I took a trip down memory lane with Days of Thunder, the action-packed romance surrounding a group of maverick stock car drivers. The experience was just as I expected — thrilling and testosterone driven — the perfect antidote to the midweek blues.
Directed by the late Tony Scott, the film stars Tom Cruise riding high in the wake of his late eighties run of Cocktail, Rain Man & Born on The Fourth of July (!!!). According to this behind the scenes teaser, Cruise brought the project to mega producers Don Simpson & Jerry Bruckheimer.
Heavyweight titans of the popcorn trade, the producing duo were all too happy to invest their time and energy. Hiring the legendary Robert Towne to pen the screenplay (Chinatown anyone?) the $60 million project featured an action-packed cast including Robert Duvall, Michael Rooker and a quietly magnetic Cary Elwes.
This was Scott’s second rodeo with Cruise after Top Gun, the fighter pilot bromance that broke the back of the box office with a $350 million theatrical run. In many ways Days of Thunder is nothing more than Top Gun’s kid brother, replacing multi-million dollar fighter jets with custom built sports cars.
Both films celebrate the need for speed, of toys devised by men for the consumption of men. With a triumphalist score by the one and only Hans Zimmer, there is so much chest beating and hollow bravado that you can’t help howling to the moon. Perhaps that’s why the original has a sequel in the works.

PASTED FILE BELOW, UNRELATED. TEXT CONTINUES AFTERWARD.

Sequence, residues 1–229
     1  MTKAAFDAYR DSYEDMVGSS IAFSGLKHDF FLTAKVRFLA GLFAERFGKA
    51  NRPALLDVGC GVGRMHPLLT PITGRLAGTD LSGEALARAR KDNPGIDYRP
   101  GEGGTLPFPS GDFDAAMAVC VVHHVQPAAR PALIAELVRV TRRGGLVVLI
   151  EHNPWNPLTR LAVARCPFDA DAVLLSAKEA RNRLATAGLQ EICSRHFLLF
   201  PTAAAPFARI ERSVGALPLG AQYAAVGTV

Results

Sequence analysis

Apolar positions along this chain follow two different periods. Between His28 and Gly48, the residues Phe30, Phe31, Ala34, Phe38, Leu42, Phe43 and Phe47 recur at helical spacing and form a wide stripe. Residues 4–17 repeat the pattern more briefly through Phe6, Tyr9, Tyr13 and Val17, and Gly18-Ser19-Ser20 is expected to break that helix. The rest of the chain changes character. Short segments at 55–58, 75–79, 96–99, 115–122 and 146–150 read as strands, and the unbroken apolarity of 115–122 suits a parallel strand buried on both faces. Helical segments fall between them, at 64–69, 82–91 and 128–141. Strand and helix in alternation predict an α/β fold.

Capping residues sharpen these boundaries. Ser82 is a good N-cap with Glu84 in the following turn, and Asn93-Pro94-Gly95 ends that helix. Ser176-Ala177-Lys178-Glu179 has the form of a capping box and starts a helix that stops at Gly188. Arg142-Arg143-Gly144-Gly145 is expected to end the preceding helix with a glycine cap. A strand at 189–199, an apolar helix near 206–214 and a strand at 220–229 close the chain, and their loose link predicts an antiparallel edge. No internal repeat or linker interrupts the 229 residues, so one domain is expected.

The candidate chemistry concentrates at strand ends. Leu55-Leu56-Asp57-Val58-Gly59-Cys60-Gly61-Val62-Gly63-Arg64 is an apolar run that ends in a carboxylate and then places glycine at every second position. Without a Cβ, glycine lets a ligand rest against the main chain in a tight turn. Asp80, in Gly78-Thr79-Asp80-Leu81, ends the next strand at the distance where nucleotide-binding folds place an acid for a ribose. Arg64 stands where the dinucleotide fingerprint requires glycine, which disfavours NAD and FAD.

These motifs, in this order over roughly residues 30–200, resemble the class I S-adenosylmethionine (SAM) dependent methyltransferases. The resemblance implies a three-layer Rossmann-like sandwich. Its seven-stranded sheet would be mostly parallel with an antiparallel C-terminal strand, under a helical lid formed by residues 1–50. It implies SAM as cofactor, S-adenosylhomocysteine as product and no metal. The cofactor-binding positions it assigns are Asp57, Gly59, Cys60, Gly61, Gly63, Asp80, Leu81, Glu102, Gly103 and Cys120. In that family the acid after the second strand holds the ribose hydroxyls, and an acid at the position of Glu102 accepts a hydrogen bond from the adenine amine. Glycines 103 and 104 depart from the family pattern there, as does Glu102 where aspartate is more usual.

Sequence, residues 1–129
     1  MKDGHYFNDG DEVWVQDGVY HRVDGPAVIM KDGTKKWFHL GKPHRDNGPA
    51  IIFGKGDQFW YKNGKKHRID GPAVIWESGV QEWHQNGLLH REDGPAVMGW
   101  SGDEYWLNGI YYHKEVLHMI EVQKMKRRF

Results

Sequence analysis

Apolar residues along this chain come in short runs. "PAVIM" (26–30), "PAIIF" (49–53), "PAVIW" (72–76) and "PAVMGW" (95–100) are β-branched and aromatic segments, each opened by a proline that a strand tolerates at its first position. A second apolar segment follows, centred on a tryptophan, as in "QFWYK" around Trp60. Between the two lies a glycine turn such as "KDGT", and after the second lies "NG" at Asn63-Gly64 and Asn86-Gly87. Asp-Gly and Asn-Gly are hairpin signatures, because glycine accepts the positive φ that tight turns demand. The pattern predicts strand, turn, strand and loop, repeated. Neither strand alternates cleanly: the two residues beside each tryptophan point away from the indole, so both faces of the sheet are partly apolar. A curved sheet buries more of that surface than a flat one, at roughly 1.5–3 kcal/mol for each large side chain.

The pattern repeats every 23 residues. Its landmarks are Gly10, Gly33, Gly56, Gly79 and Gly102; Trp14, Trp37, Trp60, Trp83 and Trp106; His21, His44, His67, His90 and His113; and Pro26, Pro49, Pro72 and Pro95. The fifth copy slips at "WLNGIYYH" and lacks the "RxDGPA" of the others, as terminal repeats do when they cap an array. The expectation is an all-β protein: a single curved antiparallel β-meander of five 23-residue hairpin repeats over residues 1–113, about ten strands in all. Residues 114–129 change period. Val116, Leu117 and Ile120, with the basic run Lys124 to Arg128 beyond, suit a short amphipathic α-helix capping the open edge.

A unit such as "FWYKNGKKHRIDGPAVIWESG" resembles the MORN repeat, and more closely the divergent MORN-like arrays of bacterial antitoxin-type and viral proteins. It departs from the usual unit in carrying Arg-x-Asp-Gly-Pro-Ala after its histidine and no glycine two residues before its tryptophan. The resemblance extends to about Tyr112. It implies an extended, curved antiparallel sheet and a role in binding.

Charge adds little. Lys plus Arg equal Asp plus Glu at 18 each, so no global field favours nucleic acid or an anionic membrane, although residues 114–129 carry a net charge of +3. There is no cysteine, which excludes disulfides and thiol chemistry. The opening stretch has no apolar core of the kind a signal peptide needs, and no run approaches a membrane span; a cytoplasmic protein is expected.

Scott did the impossible, finding a sense of drama in the banality of fast cars driving round a pit, much like a dog trying to catch its tail. I’d never given NASCAR more than a millisecond of my time yet Scott’s mastery infuses the sport with a sense of mystery. It helped me to comprehend the sheer brashness of these hot-headed punks, the kind of maniacs who chase their thrills the way I chase cocktails at happy hour.
It was pretty exciting to witness the love story unravel between Cruise and a baby-faced Nicole Kidman. This was the twenty-two year old’s Hollywood debut following Dead Calm (read all about it in my post last week) and her allure is remarkable, made even more exotic with her Australian twang.
You almost forget she’s playing the role of a doctor charged with making life-threatening decisions. Hell, she could operate on me any day. That their on-screen romance would lead to their eventual off-screen marriage is especially exciting. No matter what the yellow press says, life imitating art is always some kind of special.